New PETA Ad Takes Aim At Deadly Costs Of Breeding Dogs In Run-Up To Crufts
For Immediate Release:
2 March 2011
Sandra Smiley +44 0207 357 9229, ext. 229; [email protected]
Birmingham – PETA has just erected an illuminated bus shelter ad in Birmingham’s city centre which won’t be leaving dog breeders wagging their tails with joy. That’s because the ad shows a small dog cowering under the barrel of a gun and reads, “Boycott Breeders or the Mutt Gets It. Don’t Kill Shelter Dogs’ Chances. Adopt. Never Buy”. PETA placed the ad just days before the start of the world’s largest dog show, Crufts, which is organised by the pro-breeding Kennel Club.
“When people buy a dog or a cat from a breeder, they might as well be holding a gun to the head of an animal in a shelter because that animal then misses out on a home”, says PETA Manager Mimi Bekhechi. “The breeding industry is based on greed, whereas adopting a homeless animal from a shelter is a true act of kindness.”
Dog shows encourage people to buy dogs from breeders instead of adopting a perfectly healthy, loving dog languishing in an animal shelter. The Kennel Club alone registers more than 270,000 dogs per year, and there are thousands more bred by unregistered breeders each year as well. At the same time, a staggering number of stray and abandoned dogs are picked up off UK streets by local authorities – more than 100,000 between 2008 and 2009 – and that doesn’t include those abandoned at animal shelters. Each year, thousands of highly adoptable dogs are killed in UK animal shelters because there are not enough good homes while breeders churn out dogs to sell and dog shows promote breeding.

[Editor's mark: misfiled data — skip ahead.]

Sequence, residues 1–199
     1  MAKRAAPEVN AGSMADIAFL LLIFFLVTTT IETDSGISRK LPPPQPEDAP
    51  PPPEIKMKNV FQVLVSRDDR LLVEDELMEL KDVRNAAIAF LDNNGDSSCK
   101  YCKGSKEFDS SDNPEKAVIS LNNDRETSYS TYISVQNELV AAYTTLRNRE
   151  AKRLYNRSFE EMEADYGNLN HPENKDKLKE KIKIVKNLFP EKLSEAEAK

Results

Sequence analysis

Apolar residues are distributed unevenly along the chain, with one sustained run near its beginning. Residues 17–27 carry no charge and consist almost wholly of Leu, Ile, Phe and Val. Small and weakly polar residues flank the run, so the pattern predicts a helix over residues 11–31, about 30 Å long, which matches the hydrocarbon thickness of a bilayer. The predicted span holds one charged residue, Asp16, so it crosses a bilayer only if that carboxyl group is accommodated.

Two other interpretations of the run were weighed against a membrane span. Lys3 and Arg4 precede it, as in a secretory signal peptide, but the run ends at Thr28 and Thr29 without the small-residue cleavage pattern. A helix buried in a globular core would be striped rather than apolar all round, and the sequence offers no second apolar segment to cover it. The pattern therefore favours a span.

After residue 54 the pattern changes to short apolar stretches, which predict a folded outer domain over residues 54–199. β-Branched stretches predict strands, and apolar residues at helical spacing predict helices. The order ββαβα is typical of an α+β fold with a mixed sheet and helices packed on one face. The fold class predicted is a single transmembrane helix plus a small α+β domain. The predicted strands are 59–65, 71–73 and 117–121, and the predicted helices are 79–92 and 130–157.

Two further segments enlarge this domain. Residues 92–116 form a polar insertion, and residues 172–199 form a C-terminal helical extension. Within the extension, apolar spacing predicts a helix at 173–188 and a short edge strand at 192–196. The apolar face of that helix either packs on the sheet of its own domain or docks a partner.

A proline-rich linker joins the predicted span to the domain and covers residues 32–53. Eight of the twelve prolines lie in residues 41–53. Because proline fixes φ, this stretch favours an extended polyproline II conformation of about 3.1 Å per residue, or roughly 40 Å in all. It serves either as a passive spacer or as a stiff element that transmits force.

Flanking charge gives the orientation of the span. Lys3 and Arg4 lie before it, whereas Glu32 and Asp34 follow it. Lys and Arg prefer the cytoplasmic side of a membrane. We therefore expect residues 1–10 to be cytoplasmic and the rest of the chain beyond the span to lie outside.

Breeding dogs for certain unnatural physical features can also be cruel because pedigree dogs often suffer from debilitating hereditary and congenital defects, such as hypothyroidism, epilepsy, cataracts, allergies and hip dysplasia. In fact, the RSPCA withdrew its support of Crufts because, as it states on its website, the approach to such shows “actively encourages both the breeding of deformed and disabled dogs and the inbreeding of closely related animals”, which is “morally and ethically unjustifiable”.